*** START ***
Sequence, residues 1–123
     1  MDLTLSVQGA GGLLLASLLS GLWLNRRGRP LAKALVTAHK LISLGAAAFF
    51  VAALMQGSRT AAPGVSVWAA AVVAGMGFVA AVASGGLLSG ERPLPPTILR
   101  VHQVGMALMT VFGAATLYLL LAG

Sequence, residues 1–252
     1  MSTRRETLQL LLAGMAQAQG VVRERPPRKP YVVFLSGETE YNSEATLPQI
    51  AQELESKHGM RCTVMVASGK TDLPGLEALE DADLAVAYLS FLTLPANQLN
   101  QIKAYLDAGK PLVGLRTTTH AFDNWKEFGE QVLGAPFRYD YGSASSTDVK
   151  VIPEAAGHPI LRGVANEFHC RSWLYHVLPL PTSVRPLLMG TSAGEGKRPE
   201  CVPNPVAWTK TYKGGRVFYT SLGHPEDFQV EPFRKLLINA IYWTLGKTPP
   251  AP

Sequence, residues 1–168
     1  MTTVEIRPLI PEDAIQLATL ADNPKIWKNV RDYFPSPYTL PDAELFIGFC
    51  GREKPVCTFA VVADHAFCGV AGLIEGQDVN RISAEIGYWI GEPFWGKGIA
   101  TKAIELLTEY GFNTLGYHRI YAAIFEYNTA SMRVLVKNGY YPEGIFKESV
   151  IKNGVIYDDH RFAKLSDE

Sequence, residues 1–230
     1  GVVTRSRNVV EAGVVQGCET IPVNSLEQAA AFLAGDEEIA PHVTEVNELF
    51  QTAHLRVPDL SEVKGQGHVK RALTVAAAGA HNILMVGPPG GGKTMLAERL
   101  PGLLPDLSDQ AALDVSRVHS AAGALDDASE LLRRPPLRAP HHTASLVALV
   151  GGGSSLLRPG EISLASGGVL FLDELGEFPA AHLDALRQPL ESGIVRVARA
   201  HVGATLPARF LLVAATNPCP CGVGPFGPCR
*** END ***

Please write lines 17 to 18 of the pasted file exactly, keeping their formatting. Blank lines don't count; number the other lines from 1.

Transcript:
Sequence, residues 1–230
     1  GVVTRSRNVV EAGVVQGCET IPVNSLEQAA AFLAGDEEIA PHVTEVNELF